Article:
Altogether vs. All Together

Altogether vs All Together. It's an easy one. We promise.

It's time for lunch and we're jonesing for a PB&J with extra pickles, so we're going to keep this one brief:

  • Altogether is an adjective that means entirely or completely.
  • All together means as a group or in unison.


"Given that I found a severed thumb in my roasted red pepper soup, no, this meal was not altogether satisfying."

We hope the speaker got a free dessert out of this culinary misadventure, preferably at a different restaurant. Here, altogether is the correct word because it means completely.

"If we want Mr. DeVlorpe to curve our grades on this algebra test," Drew explained to his classmates, "we should present our reasons to him all together."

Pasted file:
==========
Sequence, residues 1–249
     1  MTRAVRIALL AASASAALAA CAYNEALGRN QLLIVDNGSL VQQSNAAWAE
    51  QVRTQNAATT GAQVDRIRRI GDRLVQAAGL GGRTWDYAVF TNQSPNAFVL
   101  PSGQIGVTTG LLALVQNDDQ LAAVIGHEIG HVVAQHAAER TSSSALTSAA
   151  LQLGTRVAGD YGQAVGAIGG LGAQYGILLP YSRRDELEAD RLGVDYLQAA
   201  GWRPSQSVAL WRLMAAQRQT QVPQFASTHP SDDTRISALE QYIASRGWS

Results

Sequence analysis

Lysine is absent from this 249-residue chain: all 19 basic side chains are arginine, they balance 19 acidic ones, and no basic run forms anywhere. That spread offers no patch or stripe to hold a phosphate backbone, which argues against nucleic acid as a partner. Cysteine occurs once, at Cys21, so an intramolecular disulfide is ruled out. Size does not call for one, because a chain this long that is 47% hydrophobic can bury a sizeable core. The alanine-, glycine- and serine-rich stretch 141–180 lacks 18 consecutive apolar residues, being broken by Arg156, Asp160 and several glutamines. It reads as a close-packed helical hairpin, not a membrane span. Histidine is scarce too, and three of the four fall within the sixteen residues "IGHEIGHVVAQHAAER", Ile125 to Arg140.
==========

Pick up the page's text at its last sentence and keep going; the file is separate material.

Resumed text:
Safety in numbers, Drew. Good plan. In this example, all together is the way to go because it means as a group.

"The kindergarten band concert was painful. Those pint-sized musicians couldn't start a song all together if you paid them."

Well, that's harsh. In this sentence, all together is the correct word because it means in unison, which is a state that's virtually impossible for a bunch of five-year-olds to achieve.


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